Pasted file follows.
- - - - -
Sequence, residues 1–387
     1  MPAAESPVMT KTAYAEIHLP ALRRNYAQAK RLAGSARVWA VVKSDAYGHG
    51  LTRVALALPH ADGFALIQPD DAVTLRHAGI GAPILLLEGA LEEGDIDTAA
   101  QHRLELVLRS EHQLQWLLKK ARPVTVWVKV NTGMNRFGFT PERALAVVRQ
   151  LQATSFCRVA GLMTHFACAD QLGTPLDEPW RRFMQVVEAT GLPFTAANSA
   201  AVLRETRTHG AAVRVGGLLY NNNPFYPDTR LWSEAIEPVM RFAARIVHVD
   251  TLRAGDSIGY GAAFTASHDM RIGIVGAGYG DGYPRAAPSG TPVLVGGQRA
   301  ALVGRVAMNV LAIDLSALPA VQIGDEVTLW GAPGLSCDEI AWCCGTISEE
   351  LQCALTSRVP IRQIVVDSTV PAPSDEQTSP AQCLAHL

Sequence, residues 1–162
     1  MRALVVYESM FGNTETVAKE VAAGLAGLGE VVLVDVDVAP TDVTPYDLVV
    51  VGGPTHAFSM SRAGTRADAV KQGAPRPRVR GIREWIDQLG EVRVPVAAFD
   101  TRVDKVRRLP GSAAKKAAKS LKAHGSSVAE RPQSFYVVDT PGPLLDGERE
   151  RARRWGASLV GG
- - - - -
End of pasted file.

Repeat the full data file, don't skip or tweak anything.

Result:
Sequence, residues 1–387
     1  MPAAESPVMT KTAYAEIHLP ALRRNYAQAK RLAGSARVWA VVKSDAYGHG
    51  LTRVALALPH ADGFALIQPD DAVTLRHAGI GAPILLLEGA LEEGDIDTAA
   101  QHRLELVLRS EHQLQWLLKK ARPVTVWVKV NTGMNRFGFT PERALAVVRQ
   151  LQATSFCRVA GLMTHFACAD QLGTPLDEPW RRFMQVVEAT GLPFTAANSA
   201  AVLRETRTHG AAVRVGGLLY NNNPFYPDTR LWSEAIEPVM RFAARIVHVD
   251  TLRAGDSIGY GAAFTASHDM RIGIVGAGYG DGYPRAAPSG TPVLVGGQRA
   301  ALVGRVAMNV LAIDLSALPA VQIGDEVTLW GAPGLSCDEI AWCCGTISEE
   351  LQCALTSRVP IRQIVVDSTV PAPSDEQTSP AQCLAHL

Sequence, residues 1–162
     1  MRALVVYESM FGNTETVAKE VAAGLAGLGE VVLVDVDVAP TDVTPYDLVV
    51  VGGPTHAFSM SRAGTRADAV KQGAPRPRVR GIREWIDQLG EVRVPVAAFD
   101  TRVDKVRRLP GSAAKKAAKS LKAHGSSVAE RPQSFYVVDT PGPLLDGERE
   151  RARRWGASLV GG